This gives credence to the fact that while the large presence of foreign investors in the market signifies strong attraction to the country; their sudden reversal also portends great danger, given the bearish mode currently being witnessed in the stock market, manufacturing and other areas of investment.
Given her natural resource base and large market size, Nigeria qualifies to be a major recipient of FDI in Africa and indeed is one of the top three leading African countries that consistently received FDI in the past decade.
In fact, one of the pillars on which the New Partnership for Africa’s Development (NEPAD) was launched was to increase available capital to US$64 billion through a combination of reforms, resource mobilization and a conducive environment for investment. However, the level of FDI attracted by Nigeria in recent years is unimpressive
Prior to 2015, Nigeria was one of the few countries that have consistently benefited from the FDI inflow. Nigeria’s share of FDI inflow to Africa averaged around 10 percent, from 24.19 percent in 1990 to a low level of 5.88 percent in 2001 up to 11.65 percent in 2002. Nigeria was the continent’s second top FDI recipient after Angola in 2001 and 2002. FDI inflow into Nigeria for the period 1970 to 2002 rose from N128.6 million in 1970 to N434.1 million in 1985 and N115.952 billion in 2000. This was an increase in real terms from the decline of the 1980s.
Prior to the early 1970s, foreign investment played a major role in the Nigerian economy. Until 1972, for example, much of the non-agricultural sector was controlled by large foreign-owned trading companies that had a monopoly on the distribution of imported goods. Between 1963 and 1972 an average of 65 percent of total capital was in foreign hands.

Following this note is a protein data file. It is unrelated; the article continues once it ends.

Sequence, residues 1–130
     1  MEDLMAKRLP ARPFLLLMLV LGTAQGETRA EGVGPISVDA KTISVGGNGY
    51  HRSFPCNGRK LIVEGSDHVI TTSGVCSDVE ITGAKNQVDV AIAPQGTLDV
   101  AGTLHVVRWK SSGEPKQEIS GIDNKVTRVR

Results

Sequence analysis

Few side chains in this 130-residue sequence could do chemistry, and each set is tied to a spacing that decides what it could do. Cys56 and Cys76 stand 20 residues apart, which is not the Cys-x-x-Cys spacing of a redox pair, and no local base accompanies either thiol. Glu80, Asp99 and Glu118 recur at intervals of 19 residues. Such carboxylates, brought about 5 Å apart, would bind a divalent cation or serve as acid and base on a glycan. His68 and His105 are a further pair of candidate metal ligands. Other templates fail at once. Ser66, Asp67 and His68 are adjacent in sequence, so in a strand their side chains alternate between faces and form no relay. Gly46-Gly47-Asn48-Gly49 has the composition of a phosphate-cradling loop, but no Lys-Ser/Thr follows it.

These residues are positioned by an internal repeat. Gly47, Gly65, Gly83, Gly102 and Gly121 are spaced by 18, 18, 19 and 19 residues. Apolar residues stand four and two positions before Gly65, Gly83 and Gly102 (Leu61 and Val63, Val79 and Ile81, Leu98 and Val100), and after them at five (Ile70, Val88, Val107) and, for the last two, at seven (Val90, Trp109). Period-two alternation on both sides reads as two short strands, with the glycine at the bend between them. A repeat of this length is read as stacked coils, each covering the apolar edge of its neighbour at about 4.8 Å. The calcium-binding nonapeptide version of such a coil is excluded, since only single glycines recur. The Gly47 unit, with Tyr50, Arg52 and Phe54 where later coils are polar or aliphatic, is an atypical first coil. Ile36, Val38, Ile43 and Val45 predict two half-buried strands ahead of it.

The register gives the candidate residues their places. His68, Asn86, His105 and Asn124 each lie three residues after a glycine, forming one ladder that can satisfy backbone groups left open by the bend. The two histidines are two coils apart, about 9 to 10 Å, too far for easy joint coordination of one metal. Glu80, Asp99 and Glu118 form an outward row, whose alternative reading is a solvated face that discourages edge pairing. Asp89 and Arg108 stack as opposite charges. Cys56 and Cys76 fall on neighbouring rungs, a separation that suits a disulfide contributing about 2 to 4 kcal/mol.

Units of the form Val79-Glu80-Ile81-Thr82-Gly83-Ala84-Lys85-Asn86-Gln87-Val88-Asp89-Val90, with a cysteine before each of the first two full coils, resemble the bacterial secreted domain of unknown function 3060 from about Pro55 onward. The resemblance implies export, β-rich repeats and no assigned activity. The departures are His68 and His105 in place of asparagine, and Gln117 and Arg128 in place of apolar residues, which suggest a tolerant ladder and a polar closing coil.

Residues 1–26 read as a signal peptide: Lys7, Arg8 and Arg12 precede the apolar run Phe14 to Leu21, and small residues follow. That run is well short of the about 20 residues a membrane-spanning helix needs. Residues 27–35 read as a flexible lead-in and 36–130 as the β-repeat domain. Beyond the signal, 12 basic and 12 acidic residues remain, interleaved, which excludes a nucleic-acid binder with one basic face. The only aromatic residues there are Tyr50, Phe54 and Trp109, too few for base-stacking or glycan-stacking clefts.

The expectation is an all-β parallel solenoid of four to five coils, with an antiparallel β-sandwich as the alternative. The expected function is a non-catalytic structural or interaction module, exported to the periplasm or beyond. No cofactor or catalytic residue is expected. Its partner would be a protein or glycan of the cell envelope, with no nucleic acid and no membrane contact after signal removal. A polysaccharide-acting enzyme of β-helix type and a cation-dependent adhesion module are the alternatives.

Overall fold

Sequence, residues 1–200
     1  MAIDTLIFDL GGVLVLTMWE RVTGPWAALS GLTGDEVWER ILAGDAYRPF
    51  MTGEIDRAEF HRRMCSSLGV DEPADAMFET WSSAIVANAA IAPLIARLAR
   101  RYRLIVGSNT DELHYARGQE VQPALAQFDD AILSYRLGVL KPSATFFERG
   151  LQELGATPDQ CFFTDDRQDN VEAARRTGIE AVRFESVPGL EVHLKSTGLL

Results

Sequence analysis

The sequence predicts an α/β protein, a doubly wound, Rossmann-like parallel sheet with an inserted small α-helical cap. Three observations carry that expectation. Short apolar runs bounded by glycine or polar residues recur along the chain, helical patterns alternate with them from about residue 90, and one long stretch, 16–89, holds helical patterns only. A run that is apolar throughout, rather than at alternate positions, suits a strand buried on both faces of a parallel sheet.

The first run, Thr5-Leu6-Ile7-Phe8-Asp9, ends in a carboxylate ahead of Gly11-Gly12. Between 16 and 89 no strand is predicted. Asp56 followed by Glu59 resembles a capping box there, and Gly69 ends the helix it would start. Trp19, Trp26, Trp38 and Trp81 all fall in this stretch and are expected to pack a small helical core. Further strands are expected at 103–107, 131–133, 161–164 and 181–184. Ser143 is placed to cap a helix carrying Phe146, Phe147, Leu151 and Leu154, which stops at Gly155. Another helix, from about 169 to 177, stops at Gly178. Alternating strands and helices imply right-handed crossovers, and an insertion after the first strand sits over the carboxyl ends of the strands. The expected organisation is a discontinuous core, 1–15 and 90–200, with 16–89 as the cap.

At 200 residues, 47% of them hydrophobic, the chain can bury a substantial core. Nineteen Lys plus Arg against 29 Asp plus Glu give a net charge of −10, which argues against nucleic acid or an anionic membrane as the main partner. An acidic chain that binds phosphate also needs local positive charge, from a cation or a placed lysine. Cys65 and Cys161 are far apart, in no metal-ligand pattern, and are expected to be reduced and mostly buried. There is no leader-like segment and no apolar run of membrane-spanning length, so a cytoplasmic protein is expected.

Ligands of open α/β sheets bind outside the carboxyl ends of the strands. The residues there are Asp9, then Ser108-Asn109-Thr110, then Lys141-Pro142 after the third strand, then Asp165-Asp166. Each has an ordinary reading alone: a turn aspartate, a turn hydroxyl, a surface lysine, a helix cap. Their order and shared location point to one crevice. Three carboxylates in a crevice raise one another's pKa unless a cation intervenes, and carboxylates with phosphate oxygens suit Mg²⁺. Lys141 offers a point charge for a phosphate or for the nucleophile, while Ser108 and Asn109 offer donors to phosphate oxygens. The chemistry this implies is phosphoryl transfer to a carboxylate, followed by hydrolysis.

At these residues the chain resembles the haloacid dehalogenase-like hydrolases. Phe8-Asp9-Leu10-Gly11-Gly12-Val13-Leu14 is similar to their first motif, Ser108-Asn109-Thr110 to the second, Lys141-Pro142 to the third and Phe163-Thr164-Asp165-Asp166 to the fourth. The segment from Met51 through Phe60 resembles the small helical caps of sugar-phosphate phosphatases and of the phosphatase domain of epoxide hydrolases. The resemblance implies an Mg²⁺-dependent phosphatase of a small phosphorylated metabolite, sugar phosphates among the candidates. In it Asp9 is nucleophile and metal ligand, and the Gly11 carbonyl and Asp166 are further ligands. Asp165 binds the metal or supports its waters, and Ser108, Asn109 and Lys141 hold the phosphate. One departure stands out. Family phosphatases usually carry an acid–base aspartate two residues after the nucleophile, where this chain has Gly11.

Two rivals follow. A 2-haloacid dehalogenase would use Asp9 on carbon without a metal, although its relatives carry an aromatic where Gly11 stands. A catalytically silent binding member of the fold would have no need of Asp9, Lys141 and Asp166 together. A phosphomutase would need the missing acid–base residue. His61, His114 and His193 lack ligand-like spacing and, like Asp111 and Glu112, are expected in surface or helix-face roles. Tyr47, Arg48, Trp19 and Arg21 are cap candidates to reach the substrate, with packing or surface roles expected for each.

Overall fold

Today, the story is not the same. In the last 5 years, we have witnessed the exit of many key foreign companies from Nigeria to neigbouring Ghana and South Africa.
Among the benefits of FDI are, contributing to the creation of decent and value-adding jobs; enhancing the skill base of host economies; facilitating the transfer of technology, knowledge and know-how; boosting the competitiveness of domestic firms and enabling their access to markets; and operating in a socially and environmentally responsible manner.
As a developing country, Nigeria should tailor its policies to overcome domestic imperfections that hinder the smooth integration of indigenous and foreign firms into worldwide supply-chain networks.
In this regard, we call for improvement in the quality of investment climate as this will make a huge difference if objectively mapped out and passionately implemented. The Federal government should ensure an acceleration of necessary reforms to make Nigeria a much better investment destination. We need policy reforms, regulatory reforms and institutional reforms.
Government should accelerate the ongoing foreign exchange reforms; we need to undertake trade policy reforms to liberalize trade in sectors of weak comparative advantage; we need regulatory reforms to make regulations more investment-friendly.
That is not all; we also need to create new opportunities in the public-private partnership (PPP) space, especially in infrastructure. We need to see more privatisations of public enterprises. All of these are crucial to the boosting of investors’ confidence in our economy.